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Posted by Sir Madog on Saturday, March 11, 2017 11:49 AM

Firelock76
A question, those large incandescant lamps at the beginning of the video, were they part of the voltage regulation system? The don't seem to be there for lighting purposes.

I think you are right, but I checked the 1930 Marklin catalog and could not find anything like. It might have come from the days, when they had 110 Volts on the track, but that was outlawed in 1926.

   Ulrich     

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Posted by Penny Trains on Tuesday, March 14, 2017 8:14 PM

Great stuff!  Makes me want to get my little Beckh running!

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Posted by Firelock76 on Wednesday, March 15, 2017 5:07 PM

Well, aren't those things cool!

Becky, just where do you come up with this stuff?  Do you find them, or are you like me and they find you?

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Posted by Penny Trains on Wednesday, March 15, 2017 7:01 PM

The loco and tender were complete rust buckets I bought off Ebay.  And "bucket" is a good term because they looked like they'd been stored on the Titanic.  Tongue Tied  Conversely the coaches are exactly as I got them and didn't need anything more than a general cleaning.  Side by side you'd be hard pressed to believe they came from the same set.  Some parts of the tender are now so thin if it wasn't for the 3 coats of paint I applied you could put your finger through the shell.

But the bigger problem is the spring.  It too was so badly corroded that it can't stand winding anymore.  It can run, but the loco barely has enough power to move itself.  I completely disassembled the motor and polished away the rust.  However during the post restoration  testing I had to remove and shorten the spring again and again.  It's just too brittle.  One of these days I'll go out and get some new spring steel.  Maybe when I take my grandparent's cuckoo clock to get fixed?  Wink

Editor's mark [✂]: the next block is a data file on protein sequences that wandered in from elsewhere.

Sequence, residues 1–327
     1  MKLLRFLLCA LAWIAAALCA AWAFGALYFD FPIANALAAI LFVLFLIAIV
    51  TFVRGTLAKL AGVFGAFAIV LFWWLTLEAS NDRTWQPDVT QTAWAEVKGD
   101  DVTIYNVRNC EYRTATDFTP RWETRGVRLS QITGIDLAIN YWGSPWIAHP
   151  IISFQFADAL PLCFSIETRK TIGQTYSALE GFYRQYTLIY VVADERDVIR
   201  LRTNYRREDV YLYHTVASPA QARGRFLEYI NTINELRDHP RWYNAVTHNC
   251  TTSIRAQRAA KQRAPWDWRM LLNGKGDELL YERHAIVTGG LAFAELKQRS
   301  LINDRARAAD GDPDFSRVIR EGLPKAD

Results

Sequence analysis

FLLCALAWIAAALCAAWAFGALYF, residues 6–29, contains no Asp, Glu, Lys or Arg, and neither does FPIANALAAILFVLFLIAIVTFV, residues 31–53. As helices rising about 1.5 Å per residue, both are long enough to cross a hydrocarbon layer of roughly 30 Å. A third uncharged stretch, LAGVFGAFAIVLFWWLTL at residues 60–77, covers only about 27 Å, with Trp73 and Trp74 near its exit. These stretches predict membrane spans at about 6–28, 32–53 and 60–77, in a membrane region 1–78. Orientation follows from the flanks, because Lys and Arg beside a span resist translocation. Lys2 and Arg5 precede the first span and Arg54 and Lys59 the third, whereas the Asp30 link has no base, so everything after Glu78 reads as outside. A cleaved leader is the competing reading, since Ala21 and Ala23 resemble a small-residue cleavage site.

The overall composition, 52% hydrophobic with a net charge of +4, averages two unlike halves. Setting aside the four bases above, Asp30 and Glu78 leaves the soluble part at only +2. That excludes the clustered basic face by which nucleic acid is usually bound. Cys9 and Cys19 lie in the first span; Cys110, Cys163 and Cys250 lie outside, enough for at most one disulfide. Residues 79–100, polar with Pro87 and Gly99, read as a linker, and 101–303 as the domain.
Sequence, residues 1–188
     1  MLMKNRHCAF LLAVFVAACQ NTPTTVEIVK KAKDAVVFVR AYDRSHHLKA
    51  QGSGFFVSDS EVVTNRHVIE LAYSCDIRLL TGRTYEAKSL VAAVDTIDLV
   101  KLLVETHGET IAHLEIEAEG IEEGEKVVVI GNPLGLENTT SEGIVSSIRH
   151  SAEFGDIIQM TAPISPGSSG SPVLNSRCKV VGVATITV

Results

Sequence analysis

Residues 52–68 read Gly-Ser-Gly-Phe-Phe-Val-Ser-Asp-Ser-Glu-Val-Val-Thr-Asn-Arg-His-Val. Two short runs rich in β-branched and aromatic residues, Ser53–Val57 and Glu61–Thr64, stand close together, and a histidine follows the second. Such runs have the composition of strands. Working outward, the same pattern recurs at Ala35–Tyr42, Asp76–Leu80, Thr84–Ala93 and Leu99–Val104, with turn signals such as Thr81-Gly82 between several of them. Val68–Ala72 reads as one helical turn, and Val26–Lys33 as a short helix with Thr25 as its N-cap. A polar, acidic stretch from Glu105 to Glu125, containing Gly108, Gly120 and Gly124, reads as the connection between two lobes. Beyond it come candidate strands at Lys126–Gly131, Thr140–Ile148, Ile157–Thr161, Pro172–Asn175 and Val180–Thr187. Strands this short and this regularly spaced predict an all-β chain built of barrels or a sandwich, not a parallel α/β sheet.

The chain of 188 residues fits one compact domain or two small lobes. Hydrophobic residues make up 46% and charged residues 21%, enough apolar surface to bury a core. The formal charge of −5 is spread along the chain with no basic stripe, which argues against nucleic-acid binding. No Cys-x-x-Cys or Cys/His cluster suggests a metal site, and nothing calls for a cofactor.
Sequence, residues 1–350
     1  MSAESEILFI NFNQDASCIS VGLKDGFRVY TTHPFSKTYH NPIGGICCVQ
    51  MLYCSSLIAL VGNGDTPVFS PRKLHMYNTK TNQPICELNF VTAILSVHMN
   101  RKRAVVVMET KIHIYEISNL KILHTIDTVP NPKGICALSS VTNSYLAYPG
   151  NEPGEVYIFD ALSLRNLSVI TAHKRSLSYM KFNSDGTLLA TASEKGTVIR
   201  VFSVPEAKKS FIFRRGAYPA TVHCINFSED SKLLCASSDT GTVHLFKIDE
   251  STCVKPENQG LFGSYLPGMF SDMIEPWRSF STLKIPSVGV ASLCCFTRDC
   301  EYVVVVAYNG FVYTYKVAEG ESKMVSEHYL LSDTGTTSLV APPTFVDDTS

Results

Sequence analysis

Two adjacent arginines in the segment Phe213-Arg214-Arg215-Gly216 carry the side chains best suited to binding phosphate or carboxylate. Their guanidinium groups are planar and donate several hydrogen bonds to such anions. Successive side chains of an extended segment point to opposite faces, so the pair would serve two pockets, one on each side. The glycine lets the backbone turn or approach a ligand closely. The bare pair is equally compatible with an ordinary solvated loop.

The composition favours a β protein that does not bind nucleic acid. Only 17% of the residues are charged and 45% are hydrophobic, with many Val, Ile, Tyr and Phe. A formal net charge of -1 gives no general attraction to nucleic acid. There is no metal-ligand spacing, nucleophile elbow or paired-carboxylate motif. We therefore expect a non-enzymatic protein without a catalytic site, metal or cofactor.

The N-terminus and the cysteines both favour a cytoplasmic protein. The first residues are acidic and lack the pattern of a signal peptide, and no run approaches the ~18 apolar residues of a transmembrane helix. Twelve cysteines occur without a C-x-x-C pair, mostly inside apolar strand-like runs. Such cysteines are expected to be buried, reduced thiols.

Edit:  Forgot to mention that I doubt I paid more than twenty bucks for the Beckh set including shipping.

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Posted by Firelock76 on Thursday, March 16, 2017 5:12 PM

Well, you did a hell of a restoration job, that's for certain!

For a spring maybe something out of an old alarm clock will do?

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Posted by Sir Madog on Monday, March 20, 2017 1:06 PM

A nice little loco!

I have problems identifying the maker. The smoke deflector design suggests, that the loco was manufactured somewhere between 1947 and 1954, the year that the key O gauge manufacturers in Germany gave up this gauge. It looks like a Fleischmann loco, but it isnt.

Anyway, a neat loco and an excellent restauration job!

   Ulrich     

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Posted by Penny Trains on Monday, March 20, 2017 6:44 PM

A knowledgeable collector directed me to this site: http://www.binnsroad.co.uk/railways/beckh/index.html which finally told me who the maker was.  If you look at the top right corner of the photo of the box lid, you can see the Beckh logo which is also on the sides of the cab.  I have the rods around here somewhere...

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Posted by Sir Madog on Tuesday, March 21, 2017 2:26 AM

Penny.

I had never heard of them before. From what I have found out now is, that the produced tinplate toys to be marketed in department stores. Among those toys were O gauge trains designed in the 1930´s by a predecessor company, which were modernized and slightly improved after peace time production had been restarted in 1949.

Beckh never became a real brand like Fleischmann, Trix or Marklin. Beckh trains are quite rare now.

   Ulrich     

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Posted by Penny Trains on Tuesday, March 21, 2017 7:18 PM

Here's another site well worth exploring: https://www.historytoy.com/toys-Railway-Trains-Beckh-Gauge-0_1  One of the things that attracted me to this little set was the fact that the coaches were labeled "Made in Western Germany" rather than "West Germany" which only became the official country name later.  "Little" is a good term too.  Here's the loco between an American Flyer prewar loco and a Marx clockwork: